2012-2013 Grant Awards

Precision Diagnosis using Antibodies in Rheumatic Disease: Identification of Novel Autoantigen Specificities Expressed by Circulating Cells in Systemic Lupus Erythematosus (SLE)

Felipe Andrade, MD, PhD

Each rheumatic disease is composed of various subtypes – these subsets behave differently in terms of complications and responses to therapy, but are not easily distinguished using currently available probes. This project will identify markers in Lupus’ patient’s blood, which will allow categorization into subgroups. These markers may allow more precise diagnosis, monitoring and choice of therapy in those affected by Lupus.

Precise Quantitation of Pathogenic Pathways in Rheumatic Diseases: Interferon Activation in Systemic Sclerosis

Francesco Boin, MD and John Hall, PhD

Scleroderma is a chronic systemic autoimmune disease, that is characterized by fibrosis or hardening (sclero) of the skin (derma) and vascular alterations, causing dysfunction in the tissues. A group of molecular signals called cytokines play a role in causing this dysfunction, but the primary drivers remain unknown. This project is based on some recent discoveries that allow the effects of interferons, proteins made and released by host cells in response to the presence of pathogens, to be distinguished in patient tissue. Scleroderma patients have evidence of a signature of interferon in their tissue and blood, but the precise interferon responsible for this effect remains unknown. This project will precisely define the role of specific interferons in different scleroderma patients, and potentially provide a way to select novel therapies that neutralize specific interferons.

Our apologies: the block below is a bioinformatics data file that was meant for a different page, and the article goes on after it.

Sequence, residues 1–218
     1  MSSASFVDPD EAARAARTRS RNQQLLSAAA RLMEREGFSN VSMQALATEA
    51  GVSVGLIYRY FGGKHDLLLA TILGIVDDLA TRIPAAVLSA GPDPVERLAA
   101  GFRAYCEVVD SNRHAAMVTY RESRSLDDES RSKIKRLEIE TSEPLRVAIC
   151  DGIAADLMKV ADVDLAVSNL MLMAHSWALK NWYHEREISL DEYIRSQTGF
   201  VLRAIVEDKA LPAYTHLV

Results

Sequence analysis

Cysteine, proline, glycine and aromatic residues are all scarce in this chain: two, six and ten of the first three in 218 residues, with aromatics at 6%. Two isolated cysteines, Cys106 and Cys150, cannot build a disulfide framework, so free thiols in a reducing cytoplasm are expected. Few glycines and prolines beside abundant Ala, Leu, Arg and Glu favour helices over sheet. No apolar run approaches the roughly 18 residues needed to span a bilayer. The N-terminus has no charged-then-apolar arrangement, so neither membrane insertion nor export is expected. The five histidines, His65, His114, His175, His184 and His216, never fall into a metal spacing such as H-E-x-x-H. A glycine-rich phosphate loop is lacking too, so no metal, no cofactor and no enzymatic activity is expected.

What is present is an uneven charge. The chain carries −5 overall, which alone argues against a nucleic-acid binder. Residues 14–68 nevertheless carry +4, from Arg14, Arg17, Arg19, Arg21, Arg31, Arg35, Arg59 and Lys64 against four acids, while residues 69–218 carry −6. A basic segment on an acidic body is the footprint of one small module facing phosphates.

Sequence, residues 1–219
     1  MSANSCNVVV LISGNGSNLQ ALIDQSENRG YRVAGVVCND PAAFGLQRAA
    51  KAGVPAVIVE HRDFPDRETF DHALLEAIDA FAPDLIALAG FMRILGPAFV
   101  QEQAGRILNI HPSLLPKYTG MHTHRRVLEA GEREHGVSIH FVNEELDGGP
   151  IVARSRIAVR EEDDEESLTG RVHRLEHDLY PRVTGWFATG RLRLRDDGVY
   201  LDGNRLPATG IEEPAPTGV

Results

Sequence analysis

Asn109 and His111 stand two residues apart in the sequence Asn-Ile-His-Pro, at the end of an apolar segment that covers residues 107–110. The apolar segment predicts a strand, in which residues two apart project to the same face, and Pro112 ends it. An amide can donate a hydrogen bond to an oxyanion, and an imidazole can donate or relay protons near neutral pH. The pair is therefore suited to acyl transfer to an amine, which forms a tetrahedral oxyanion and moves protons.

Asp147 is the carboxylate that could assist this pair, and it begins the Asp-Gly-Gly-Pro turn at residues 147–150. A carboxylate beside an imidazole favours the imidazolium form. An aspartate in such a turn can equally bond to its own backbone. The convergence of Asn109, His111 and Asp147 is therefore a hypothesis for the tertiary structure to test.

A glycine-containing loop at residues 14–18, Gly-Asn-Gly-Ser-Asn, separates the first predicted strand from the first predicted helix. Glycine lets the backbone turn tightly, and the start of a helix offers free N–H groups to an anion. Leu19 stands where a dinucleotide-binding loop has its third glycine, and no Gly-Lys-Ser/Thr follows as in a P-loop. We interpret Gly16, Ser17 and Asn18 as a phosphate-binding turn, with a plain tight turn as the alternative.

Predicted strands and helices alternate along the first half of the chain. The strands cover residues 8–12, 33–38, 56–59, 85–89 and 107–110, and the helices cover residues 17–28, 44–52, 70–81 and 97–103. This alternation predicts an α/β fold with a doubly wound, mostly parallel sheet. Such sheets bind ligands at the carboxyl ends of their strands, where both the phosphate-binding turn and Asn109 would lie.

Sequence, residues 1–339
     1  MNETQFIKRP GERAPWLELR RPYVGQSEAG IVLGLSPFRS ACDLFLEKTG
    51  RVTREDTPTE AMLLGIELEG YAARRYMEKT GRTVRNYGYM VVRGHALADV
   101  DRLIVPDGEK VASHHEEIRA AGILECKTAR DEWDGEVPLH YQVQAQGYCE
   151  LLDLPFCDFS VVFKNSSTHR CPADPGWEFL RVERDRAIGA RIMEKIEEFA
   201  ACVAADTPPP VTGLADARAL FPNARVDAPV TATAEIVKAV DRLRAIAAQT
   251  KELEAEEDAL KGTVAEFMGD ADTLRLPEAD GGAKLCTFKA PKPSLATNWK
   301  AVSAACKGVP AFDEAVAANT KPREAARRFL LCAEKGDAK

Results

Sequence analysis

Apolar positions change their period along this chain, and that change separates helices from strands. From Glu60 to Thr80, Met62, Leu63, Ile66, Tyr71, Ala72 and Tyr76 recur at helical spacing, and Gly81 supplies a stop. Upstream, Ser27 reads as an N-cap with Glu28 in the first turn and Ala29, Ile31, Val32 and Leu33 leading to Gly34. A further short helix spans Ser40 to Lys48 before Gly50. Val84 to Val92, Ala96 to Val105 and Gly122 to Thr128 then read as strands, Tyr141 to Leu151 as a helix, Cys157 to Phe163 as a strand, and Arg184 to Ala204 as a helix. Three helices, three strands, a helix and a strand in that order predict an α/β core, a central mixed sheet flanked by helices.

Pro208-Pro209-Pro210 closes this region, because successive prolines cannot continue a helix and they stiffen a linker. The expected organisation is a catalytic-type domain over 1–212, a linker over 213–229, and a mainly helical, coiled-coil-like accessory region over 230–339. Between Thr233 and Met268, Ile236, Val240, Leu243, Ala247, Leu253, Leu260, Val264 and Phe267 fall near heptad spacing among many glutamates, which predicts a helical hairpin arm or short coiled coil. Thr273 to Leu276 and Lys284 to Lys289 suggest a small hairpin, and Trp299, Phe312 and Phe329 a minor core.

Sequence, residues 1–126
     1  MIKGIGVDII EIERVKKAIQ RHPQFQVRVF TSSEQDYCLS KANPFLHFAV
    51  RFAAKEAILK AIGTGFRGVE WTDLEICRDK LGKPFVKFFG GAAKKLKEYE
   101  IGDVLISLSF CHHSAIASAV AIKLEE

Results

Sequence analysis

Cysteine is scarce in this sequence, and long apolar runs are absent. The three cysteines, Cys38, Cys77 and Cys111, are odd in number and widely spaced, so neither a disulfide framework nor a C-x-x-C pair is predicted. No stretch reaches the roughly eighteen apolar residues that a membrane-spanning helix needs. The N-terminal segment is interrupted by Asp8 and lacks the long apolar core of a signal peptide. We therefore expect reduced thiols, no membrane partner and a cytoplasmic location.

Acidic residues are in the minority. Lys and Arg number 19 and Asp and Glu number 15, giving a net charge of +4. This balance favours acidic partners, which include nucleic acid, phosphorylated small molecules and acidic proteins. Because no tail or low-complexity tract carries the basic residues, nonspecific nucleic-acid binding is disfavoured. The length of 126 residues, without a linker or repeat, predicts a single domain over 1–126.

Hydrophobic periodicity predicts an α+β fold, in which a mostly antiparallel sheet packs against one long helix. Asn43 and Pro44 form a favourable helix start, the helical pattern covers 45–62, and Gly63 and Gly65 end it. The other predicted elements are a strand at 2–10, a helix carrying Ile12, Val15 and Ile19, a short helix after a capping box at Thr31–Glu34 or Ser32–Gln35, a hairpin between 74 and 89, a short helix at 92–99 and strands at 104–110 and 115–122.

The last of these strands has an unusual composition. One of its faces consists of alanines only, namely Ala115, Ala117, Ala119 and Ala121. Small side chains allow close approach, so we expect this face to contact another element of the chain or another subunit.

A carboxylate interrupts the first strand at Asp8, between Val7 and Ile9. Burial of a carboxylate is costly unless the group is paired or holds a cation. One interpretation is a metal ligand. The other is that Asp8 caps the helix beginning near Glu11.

Disease Subsets are the Foundation for Precisely Defining Disease Mechanism: ACE and Scleroderma Renal Crisis

Livia Casciola-Rosen, PhD

One of the devastating consequences of scleroderma is renal crisis, where patients develop severe hypertension and renal failure. An enzyme called ACE pays an important role in this process, and ACE inhibitors can be lifesaving. The source of ACE and the reasons for its high level expression remain unknown. This project will begin to identify the cells that express ACE in scleroderma renal crisis, findings that have implications for understanding disease mechanisms and future therapies.

Sampling Tiny Amounts of the Target Tissue in Individual Patients: Defining the Role of Autoimmunity in Causing Thyroiditis in Women Initiating Interferon-alpha Therapy for Hepatitis C                            

Jennifer Mammen, MD

Different patients are unique in their genetic make-up as are the pathways that predominate in amplifying tissue damage. Recent technological advances have revolutionized the ability to study multiple pathways simultaneously in very tiny amounts of tissue. In this project, the investigators will sample tiny amounts of tissue from patients upon initiation of therapy, and define ways to precisely quantify the activity of distinct molecular pathways in those “micro-biopsies”.